Trial Process and Proceedings


Arraignment; Rule 5 Hearing; First Appearance; or Initial Juvenile Hearing

- An Arraignment Hearing is held when the defendant has been charged with a misdemeanor crime. A Rule 5 Hearing or First Appearance is held when the defendant has been charged with either a gross misdemeanor or felony crime. An Initial Juvenile Hearing is a hearing where the defendant makes his or her first appearance before the judge. The defendant will be advised of his or her rights, the charge is read and conditions of release are reviewed.

Rule 8 Hearing

- The Rule 8 Hearings are held within 14 days of the Rule 5 Hearing. The defendant will be furnished with copies of the evidence, (police reports, statements, etc.) and will have the opportunity to object to the introduction of evidence or statements. If the defendant has an objection, an Omnibus Hearing will be scheduled to review the issue. If the defendant does not object to the evidence, he or she will be asked to enter a plea of guilty or not guilty. The Rule 8 Hearing can be combined with the Rule 5 Hearing

Omnibus Hearing & Pre-Trial Conference

- An Omnibus Hearing is held within 28 days of the Rule 8 Hearing to determine matters that need to be resolved prior to the trial, such as the admissibility of evidence and statements. Once the judge rules on the matters, the defendant will be asked to enter a plea of guilty or not guilty. The purpose of the pre-trial conference is to discuss the material issues of the trial, identify witnesses and discuss possible resolution of the case prior to trial.

Contested Hearing

- A contested hearing may be heard prior to the trial to resolve issues that may be raised by either the State or the defendant.


- At trial, the actual determination of the guilt of the defendant is decided. At a court trial, a judge decides the defendant guilt, whereas at a jury trial, a jury decides the defendant’s guilt.


- If the defendant is convicted or pleads guilty, the court will impose a sentence. Sentencing may occur immediately after the defendant is found guilty, after he or she plead guilty, or sentencing can be scheduled at a later time. However, if the defendant is found guilty or pleads guilty to a felony charge, the court will order a pre-sentence investigation prior to sentencing. A pre-sentence includes social and criminal history of the defendant, victim impact information, restitution information and any recommendations to the court by the pre-sentence investigator regarding sentencing. The prosecutor and defense attorney may also make recommendations to the judge regarding sentencing. The sentencing judge must apply the Minnesota Sentencing Guidelines, which give a presumptive sentence that a defendant should receive based upon the seriousness of the crime and the defendant’s criminal record. When a probationary sentence is called for by the guidelines, a judge may impose county jail time, fines, treatment, restitution, community service or other requirements as conditions of probation.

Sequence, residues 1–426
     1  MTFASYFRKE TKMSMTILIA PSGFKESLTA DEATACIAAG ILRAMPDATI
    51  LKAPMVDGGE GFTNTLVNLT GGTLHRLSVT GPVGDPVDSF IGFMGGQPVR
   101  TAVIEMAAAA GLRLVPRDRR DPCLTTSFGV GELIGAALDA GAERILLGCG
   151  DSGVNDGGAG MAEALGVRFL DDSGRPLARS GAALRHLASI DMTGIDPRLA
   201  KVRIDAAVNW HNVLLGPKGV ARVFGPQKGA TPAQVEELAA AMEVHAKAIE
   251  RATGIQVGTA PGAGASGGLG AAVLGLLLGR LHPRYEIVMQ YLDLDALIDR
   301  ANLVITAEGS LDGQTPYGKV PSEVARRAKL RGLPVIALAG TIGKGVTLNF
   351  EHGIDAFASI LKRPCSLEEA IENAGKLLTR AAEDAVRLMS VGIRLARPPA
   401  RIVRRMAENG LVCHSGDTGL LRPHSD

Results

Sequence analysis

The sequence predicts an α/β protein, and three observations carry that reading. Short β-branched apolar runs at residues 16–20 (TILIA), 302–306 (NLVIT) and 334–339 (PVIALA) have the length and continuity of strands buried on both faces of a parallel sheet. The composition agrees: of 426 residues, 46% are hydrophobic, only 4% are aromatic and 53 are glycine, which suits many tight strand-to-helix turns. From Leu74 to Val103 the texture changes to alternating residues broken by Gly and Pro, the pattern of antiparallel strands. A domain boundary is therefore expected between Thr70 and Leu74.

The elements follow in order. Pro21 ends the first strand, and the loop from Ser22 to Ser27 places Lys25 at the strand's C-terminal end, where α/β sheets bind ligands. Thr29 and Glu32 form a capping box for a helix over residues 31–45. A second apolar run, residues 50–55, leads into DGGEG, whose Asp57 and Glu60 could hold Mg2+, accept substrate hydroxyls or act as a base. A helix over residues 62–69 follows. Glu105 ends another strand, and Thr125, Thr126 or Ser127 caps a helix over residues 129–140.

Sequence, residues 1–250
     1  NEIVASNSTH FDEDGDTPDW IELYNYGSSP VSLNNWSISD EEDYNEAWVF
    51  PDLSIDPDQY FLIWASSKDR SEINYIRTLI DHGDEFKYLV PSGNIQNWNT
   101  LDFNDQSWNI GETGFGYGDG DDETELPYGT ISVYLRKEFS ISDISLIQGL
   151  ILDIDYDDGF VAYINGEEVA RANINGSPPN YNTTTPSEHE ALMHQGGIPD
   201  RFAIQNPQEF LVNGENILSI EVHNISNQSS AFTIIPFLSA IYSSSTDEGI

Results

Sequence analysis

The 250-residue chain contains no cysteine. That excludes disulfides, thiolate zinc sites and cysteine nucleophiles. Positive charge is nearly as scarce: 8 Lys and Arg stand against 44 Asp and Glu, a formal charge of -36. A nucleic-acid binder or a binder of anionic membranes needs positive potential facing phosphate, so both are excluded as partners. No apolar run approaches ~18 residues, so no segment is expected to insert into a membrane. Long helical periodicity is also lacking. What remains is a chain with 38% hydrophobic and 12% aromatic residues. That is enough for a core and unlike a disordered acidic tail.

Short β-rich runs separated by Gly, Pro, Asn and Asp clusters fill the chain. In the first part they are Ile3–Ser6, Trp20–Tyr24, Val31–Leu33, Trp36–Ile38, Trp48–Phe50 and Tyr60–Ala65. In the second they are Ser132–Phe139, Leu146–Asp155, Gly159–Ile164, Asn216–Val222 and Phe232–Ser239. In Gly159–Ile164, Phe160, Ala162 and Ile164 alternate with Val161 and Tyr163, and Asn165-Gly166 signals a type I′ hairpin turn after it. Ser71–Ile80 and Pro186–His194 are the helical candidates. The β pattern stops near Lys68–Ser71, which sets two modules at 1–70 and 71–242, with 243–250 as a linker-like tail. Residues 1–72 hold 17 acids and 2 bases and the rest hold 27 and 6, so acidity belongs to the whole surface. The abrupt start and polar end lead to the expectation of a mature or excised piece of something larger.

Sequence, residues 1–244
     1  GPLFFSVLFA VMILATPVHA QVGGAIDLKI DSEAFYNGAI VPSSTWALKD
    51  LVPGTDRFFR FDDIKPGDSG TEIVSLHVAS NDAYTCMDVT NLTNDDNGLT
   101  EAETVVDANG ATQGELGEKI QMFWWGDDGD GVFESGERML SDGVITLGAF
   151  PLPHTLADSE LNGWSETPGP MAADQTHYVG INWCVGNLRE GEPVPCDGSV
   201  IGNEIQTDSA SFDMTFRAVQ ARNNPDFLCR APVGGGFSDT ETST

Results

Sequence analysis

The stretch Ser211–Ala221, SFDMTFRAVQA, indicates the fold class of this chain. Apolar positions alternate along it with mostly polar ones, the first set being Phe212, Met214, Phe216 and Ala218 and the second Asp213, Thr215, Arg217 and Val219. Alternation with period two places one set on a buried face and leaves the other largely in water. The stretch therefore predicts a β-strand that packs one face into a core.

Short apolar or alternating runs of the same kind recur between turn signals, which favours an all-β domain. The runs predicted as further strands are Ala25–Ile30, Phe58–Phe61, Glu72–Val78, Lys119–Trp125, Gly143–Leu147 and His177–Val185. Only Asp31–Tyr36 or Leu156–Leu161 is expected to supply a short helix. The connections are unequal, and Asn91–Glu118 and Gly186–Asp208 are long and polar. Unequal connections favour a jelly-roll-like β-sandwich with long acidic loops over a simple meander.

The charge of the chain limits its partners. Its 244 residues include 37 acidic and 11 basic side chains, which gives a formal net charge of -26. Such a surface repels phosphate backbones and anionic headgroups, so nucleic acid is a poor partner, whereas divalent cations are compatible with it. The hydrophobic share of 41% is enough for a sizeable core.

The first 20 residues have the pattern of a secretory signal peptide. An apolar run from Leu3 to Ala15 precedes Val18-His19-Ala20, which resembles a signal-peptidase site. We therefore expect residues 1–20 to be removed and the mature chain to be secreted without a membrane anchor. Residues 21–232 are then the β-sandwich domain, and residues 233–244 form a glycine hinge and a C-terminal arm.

Order to Show Cause

- This hearing is to review the defendant’s performance on probation.

Contested Restitution Hearing

- This hearing is held to determine the amount of restitution the defendant is ordered to pay the victim.

Probation Revocation Hearing

- This hearing is held to determine if a defendant has violated his probation, and, if so, should have his probation revoked.

Criminal Trial

All trials are different, but most follow a typical pattern:
  1. Opening Statements: This is where both sides (prosecution and defense) introduce their case to the judge and/or jury.
  2. Presentation of Evidence: The most extensive stage of a criminal trial, the presentation of evidence is where the case is argued. Witnesses are called and evidence presented. (This is where the prosecution attempts to prove to the court that you are guilty "beyond a reasonable doubt."
  3. Closing Arguments: This stage is the last opportunity for both sides to address the court before a verdict is reached.
  4. Jury Instructions: The judge will instruct the jurors on their responsibilities before they retire.
  5. Jury Deliberations: The jury will retire to a private area to determine the defendant's guilt or innocence.
  6. Verdict: Once a verdict is reached,the jury will return to the courtroom. If the defendant is found guilty the judge will schedule a sentencing date.
Misdemeanor Case Process Chart
Felony Case Process Chart

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